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Doctors vs. Nurses

By | April 2008
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In the medical field doctors and nurses are two groups of people who share an almost indistinguishable goal, and that is to serve the patient to the best of their ability. Yet, although these two professions have a lot in common there is much that is different between them. This includes the differences in power, pay, status, class, and gender.

In the United States the most common kind of nurse is known as a registered nurse or RN. The education process for this kind of nurse is graduation from any university or accredited nursing program and receiving a bachelor’s degree, an associate’s degree, or a diploma in nursing. They also need to pass a national licensing examination, known as the NCLEX-RN, in order to obtain a nursing license. The individual states have authority over the legalization process of nurses. Nurses may be licensed in more than one state, either by examination or endorsement of a license issued by another state. Licenses must be periodically renewed.

Nurses make up the largest health care occupation at about 2.4 million jobs in the U.S. and of that high amount only 7% of the total number of nurses are males. Regardless of a nurses specailty or work enviornment they preform basic duties that include treating patients, educating patients and the public about various medical conditions, and providing advice and emotional support to patients’ family members. Another task for a nurse is to document a patient’s medical history and symptoms, also, to help perform diagnostic tests and study results, operate medical machinery, manage treatment and medications, and help with patient follow-up and therapy. A nurse, will have a more hands-on role with physically treating a patient based on the doctor's diagnosis. The median annual earnings of registered nurses were $52,330 in 2004.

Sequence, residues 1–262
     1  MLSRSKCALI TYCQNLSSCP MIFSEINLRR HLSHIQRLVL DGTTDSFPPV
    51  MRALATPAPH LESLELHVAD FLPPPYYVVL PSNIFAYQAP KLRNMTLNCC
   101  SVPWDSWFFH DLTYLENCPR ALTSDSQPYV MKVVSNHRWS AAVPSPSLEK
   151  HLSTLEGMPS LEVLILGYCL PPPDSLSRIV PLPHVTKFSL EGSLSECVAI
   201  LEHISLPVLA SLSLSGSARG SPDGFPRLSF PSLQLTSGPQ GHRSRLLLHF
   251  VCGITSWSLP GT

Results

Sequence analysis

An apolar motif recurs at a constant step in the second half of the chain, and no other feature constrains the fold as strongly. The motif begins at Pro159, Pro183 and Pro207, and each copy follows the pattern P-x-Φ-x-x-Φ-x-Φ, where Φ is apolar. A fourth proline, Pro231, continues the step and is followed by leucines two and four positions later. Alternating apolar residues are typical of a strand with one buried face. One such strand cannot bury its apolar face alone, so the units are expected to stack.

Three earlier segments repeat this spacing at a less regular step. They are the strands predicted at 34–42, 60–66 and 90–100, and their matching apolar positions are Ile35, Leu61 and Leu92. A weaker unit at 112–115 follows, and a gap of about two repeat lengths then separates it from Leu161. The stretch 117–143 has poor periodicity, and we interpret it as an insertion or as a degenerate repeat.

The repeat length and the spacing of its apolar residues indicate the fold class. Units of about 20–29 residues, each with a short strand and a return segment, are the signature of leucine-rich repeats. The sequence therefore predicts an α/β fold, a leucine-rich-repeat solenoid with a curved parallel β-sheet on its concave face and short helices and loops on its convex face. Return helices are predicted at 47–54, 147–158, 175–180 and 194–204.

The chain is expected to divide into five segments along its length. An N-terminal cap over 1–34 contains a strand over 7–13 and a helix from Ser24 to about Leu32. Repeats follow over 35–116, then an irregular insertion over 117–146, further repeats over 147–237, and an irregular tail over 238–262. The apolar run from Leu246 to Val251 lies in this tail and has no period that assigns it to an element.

Normally it takes 11 years for someone to become a doctor. They have to go through four years of college, four years of medical school, and three years working in a...

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